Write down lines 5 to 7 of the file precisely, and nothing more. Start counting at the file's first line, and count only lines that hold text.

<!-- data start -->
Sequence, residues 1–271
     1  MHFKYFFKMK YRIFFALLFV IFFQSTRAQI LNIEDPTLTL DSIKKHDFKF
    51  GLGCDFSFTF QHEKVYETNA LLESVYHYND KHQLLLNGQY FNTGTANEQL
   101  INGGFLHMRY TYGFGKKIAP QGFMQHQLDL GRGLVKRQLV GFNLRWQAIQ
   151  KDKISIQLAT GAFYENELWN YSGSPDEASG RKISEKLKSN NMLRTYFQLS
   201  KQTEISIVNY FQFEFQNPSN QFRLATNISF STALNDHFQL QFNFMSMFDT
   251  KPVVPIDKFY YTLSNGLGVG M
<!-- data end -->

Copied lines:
   151  KDKISIQLAT GAFYENELWN YSGSPDEASG RKISEKLKSN NMLRTYFQLS
   201  KQTEISIVNY FQFEFQNPSN QFRLATNISF STALNDHFQL QFNFMSMFDT
   251  KPVVPIDKFY YTLSNGLGVG M